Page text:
Preventing violent conflict in Africa could save lives and save an average of $70 billion a year, according to a study released Monday by the World Bank and the United Nations entitled “Pathways for Peace: Inclusive Approaches to Preventing Violent Conflict.”
The resurgence of violent conflict in recent years has caused immense human suffering, at enormous social and economic costs. In the new report, the World Bank and the United Nations call on the international community to focus more on preventing violence in order to bring about peace.
The report said since 2005, deaths related to conflicts have multiplied by ten with a record in 2015. Between 2010 and 2016, in just six years, the number of civilian casualties has doubled, the report said.
It is estimated that violent conflict could cost up to $13.6 trillion a year, equivalent to 13.3% of global GDP, with post-conflict recovery lasting for several generations. Yet, prevention spending is currently only a tiny fraction of crisis response and reconstruction efforts.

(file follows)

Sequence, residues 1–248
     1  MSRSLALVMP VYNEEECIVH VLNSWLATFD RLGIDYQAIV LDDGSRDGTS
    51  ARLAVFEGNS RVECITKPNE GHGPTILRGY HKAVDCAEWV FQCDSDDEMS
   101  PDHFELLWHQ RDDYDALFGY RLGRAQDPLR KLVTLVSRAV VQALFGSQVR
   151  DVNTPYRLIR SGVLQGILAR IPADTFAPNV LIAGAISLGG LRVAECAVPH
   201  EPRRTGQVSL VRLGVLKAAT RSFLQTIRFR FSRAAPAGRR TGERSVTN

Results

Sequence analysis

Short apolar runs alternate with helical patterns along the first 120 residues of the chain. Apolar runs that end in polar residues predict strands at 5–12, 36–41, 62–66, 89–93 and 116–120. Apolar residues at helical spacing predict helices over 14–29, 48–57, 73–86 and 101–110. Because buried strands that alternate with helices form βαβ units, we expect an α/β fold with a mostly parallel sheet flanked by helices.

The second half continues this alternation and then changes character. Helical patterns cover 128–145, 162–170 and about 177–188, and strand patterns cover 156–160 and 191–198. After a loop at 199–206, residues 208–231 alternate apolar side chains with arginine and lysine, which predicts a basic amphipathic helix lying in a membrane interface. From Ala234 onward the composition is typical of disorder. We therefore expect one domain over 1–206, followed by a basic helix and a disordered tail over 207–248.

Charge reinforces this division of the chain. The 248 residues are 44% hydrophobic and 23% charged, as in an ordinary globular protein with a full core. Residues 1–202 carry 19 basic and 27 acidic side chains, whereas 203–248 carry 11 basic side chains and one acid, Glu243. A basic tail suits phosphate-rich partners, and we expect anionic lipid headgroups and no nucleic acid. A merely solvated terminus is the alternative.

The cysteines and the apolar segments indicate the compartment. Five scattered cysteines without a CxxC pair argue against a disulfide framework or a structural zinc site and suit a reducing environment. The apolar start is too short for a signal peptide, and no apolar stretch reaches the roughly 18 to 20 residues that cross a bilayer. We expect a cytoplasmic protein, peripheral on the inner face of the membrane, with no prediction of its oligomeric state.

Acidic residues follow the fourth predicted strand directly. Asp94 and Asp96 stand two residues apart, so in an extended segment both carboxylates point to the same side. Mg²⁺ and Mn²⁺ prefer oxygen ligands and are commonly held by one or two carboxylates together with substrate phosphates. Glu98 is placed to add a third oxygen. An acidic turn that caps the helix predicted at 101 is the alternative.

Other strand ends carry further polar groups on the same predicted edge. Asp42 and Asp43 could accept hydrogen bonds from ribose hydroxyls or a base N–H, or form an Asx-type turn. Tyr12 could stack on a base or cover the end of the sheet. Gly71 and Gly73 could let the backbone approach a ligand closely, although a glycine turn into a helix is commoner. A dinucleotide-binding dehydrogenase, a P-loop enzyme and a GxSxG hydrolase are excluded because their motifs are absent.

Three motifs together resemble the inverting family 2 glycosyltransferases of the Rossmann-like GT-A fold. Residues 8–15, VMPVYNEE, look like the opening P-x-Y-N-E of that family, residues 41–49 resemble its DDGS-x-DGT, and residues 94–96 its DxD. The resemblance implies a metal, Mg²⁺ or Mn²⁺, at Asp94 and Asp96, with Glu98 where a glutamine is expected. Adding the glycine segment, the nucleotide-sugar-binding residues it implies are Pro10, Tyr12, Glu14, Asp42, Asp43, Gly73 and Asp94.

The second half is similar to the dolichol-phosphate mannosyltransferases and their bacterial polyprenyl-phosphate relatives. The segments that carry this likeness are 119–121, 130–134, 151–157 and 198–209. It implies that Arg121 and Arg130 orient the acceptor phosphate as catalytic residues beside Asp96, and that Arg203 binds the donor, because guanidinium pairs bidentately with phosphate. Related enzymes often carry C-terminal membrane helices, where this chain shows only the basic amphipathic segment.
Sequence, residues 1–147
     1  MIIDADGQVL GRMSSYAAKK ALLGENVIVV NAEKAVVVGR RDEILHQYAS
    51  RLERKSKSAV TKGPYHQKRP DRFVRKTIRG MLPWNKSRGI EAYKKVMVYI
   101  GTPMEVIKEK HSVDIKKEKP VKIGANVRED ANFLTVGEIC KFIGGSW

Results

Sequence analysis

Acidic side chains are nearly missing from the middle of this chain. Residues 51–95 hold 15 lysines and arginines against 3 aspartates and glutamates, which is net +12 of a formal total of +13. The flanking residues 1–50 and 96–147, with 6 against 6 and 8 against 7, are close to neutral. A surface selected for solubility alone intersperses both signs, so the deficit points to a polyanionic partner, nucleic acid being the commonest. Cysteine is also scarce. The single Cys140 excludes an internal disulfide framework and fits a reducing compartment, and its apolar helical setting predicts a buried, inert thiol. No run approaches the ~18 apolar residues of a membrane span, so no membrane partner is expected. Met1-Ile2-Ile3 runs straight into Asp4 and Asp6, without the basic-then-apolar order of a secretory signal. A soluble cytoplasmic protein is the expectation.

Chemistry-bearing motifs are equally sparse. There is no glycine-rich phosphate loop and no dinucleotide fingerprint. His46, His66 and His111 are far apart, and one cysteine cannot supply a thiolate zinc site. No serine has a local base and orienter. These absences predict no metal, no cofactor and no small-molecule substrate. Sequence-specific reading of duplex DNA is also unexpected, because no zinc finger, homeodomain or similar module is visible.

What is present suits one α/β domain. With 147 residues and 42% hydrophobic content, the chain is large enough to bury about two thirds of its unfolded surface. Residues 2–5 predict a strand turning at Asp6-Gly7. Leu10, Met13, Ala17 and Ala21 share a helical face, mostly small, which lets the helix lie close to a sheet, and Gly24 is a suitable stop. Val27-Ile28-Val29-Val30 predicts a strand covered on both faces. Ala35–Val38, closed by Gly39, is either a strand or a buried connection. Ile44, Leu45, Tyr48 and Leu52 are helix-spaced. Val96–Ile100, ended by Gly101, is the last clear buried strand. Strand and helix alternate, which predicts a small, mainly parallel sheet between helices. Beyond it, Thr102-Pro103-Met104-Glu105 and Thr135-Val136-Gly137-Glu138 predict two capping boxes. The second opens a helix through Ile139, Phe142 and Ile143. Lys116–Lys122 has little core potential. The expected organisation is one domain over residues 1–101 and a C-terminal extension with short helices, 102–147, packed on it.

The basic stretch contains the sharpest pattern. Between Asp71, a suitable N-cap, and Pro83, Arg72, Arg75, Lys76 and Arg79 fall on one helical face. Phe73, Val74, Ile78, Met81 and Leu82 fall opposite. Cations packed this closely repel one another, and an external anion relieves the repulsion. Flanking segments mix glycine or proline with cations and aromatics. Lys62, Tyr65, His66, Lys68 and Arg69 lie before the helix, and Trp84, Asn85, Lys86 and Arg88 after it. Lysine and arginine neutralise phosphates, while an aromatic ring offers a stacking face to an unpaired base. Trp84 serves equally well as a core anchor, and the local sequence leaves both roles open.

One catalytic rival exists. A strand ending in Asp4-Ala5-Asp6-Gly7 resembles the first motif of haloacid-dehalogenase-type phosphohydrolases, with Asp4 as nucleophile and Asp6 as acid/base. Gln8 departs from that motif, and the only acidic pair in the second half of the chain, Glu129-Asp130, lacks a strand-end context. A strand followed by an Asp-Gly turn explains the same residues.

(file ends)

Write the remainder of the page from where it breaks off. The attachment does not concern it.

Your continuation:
The report also finds that the countries that are doing best are those that manage to mobilize civil society, women’s rights groups, faith-based organizations, and the private sector to manage tensions and to involve each in the quest for lasting peace.
Last Month, the UN Security Council said majority of the 815 million people affected by hunger worldwide live in conflict zones and their situation continues to worsen. The UN Secretary General said agricultural and livestock productivity in Africa was under threat, largely due to conflict.